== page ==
Presidential persuasion is way overrated.

Remember that this week as President Obama sits down for interviews with six media outlets Monday night and as he speaks to the nation in prime time Tuesday night — a full-court press to try to build momentum among the American public and Congress for his use-of-force resolution against Syria.

Obama, who stunningly reversed course in deciding to put the resolution up for congressional approval, is doing everything within his power to bend the country to his will. But the truth — both of his term and of the modern presidency more broadly — is that presidents’ ability to change public opinion is far more limited than many believe.

“People are war-weary and less inclined to give the president or Congress the benefit of the doubt,” said former South Carolina governor Jim Hodges (D). “A complicating factor is that this president has limited political capital to draw on— and that won’t change until the economy shows greater momentum.”

Hodges hits on a critical point. Presidents are at their most persuasive when external conditions in the political landscape — the economy, overall optimism, etc. — line up with their priorities.

Where Congress stands on Syria

Against/lean no








And that is definitely not the case for Obama at the moment. A Washington Post-ABC News poll last week showed that nearly six in 10 Americans — including a majority of Democrats, Republicans and independents — oppose U.S.-led military strikes against Syria, even after Syrian President Bashar al-Assad’s alleged use of chemical weapons against his own people. Anecdotal evidence suggests similar opposition among the general public. On Wednesday, Rep. Andy Harris (R-Md.) tweeted that his office had received 753 calls opposing military intervention in Syria and just 10 in favor.

Couple those doubts with a middling— at best— jobs report Friday that showed 169,000 jobs created in August and the unemployment rate dipping slightly to 7.3 percent, and Obama’s positioning to be persuasive is decidedly weakened.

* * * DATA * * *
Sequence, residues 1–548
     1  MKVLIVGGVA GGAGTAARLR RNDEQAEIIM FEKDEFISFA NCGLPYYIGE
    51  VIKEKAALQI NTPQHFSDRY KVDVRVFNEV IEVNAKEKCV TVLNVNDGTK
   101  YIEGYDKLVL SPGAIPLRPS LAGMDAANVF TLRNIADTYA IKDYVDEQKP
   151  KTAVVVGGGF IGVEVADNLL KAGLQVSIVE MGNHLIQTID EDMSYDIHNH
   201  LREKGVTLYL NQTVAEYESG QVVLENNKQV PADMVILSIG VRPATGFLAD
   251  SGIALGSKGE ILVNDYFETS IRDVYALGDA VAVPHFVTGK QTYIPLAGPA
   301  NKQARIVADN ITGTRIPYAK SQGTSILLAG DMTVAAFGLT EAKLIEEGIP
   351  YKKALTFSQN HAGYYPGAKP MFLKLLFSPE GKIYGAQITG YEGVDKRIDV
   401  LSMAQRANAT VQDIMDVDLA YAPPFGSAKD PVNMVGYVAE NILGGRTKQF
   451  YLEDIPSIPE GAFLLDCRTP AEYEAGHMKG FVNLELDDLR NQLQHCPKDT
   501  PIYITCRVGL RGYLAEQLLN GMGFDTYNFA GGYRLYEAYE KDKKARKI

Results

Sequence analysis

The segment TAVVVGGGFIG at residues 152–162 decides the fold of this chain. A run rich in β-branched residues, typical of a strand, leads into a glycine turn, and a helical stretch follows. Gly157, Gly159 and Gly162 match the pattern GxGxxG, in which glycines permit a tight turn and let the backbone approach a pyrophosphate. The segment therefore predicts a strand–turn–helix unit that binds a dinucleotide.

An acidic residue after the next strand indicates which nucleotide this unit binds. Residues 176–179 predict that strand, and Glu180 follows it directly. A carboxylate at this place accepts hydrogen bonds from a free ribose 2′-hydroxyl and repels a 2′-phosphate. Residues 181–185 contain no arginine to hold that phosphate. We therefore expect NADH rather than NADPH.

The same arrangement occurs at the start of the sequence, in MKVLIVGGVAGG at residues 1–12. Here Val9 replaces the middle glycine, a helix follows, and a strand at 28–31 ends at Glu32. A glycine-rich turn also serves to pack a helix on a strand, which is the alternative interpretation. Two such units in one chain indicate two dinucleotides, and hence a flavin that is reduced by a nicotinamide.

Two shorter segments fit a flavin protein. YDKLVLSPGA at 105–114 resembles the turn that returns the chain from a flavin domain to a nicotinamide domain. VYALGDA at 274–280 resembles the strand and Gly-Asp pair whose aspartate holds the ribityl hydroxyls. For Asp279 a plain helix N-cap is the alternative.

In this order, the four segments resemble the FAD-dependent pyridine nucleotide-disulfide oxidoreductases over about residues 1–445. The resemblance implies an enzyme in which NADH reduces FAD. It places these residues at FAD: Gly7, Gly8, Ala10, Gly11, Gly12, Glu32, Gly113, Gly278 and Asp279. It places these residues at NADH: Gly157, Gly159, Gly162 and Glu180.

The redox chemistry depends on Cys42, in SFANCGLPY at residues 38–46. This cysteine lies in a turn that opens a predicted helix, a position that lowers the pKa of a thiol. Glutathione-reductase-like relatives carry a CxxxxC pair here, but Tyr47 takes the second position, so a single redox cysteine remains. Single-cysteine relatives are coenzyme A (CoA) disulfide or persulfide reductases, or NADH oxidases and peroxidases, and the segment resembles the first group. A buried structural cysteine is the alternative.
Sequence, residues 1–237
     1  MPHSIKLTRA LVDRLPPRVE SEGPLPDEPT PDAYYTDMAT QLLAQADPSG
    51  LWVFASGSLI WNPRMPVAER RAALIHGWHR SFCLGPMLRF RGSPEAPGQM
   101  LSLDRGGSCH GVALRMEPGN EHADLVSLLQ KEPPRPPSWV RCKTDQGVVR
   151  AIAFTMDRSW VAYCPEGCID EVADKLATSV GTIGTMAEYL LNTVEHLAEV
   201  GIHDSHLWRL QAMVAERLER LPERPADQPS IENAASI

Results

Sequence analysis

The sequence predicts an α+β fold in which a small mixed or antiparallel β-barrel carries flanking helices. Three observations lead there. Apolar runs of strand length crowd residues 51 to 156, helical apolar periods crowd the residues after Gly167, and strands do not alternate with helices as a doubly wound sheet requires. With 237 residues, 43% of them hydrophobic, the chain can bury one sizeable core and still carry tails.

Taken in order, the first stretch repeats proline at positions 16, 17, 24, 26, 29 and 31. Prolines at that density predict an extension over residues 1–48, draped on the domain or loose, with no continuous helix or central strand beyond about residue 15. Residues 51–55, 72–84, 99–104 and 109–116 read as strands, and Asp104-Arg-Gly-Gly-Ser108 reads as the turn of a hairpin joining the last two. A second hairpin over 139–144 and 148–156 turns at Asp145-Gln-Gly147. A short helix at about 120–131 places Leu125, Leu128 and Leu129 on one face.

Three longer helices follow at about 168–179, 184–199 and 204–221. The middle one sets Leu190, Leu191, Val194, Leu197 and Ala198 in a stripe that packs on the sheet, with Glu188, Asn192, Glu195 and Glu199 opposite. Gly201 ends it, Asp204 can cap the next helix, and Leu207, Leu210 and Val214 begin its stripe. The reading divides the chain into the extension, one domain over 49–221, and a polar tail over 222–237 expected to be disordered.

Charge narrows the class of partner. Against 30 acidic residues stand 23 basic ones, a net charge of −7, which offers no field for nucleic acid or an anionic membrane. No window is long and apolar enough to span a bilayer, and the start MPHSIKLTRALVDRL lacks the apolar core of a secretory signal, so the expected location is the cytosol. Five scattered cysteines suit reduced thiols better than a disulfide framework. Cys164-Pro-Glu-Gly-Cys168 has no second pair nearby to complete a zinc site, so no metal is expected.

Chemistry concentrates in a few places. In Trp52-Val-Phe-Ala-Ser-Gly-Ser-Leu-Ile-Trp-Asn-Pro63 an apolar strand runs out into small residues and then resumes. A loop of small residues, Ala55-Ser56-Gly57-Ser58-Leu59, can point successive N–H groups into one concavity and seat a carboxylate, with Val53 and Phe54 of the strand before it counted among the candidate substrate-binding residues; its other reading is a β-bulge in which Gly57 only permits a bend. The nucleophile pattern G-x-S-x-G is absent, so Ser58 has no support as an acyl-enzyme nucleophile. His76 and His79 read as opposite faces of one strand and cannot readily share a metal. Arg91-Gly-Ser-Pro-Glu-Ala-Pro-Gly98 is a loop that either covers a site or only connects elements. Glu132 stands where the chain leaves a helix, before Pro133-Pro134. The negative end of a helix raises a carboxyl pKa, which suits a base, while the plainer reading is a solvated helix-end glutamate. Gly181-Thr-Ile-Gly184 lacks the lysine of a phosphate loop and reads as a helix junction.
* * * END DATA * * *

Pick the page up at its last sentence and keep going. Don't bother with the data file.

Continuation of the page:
There are plenty of other reasons to believe that the president’s words over the next two days will change little.

One is the fact that the vast majority of Democrats and Republicans in the House are in districts where their only electoral concerns are primaries. For a Democrat in a strongly Democratic House seat, then, voting for an attack on Syria amounts to an invitation for someone to run to their left in 2014. For a Republican in a safe GOP seat, supporting a Democratic president on a resolution that is broadly unpopular would open the door for a conservative challenger.

The Senate, while not governed by a national gerrymander that rewards strict adherence to party, presents similar problems for Obama’s ability to persuade. Many of the Democrats that make up the party’s majority represent conservative states where going along with the president — on virtually anything — is a political mistake. Witness Sen. Joe Manchin III (D) of West Virginia and Sen. Mark Pryor (D) of Arkansas, both of whom have come out against Obama’s Syria resolution. (The Senate’s geography, by the way, also explains — at least in part — why gun control went nowhere this year despite national public opinion strongly in support of it and Obama aggressively pushing it.)

Another reason to doubt presidential persuasion is the difficulty in pushing any single message given the wide variety of places where people now get their news. In the past, interviews with PBS, CNN, Fox News, ABC, CBS and NBC would assure that the vast majority of the country would hear a president’s message. Not so today, when the fracturing of media means that people simply don’t look to a single source (or even a handful of sources) to get their information.

Republicans insist that all of the above amounts to excuse-making for a president who simply has lost the public. “Some will point to war-weariness and media fragmentation, and they’re not wrong, but the real problem is the lack of a compelling case for the national interest that is stated with conviction and fits the spirit of the times,” said Tucker Eskew, a Republican strategist and partner at Vianovo. “If a leader gets out of step with the people he wants marching behind him, he can’t just make the band play louder.”

And while many Democrats insist that expecting Obama to change hearts and minds on Syria is, in this day and age, close to impossible, there are some who still think he can have a real impact on the public debate over the next 48 to 72 hours.

“The president still has the unique ability to command the attention of the American people, especially in times of crisis and around issues of national security,” said Mike Feldman, a former aide to Vice President Al Gore and now a partner at the Glover Park Group. “It appears that the next few days will be a real test of that dynamic.”

They will indeed.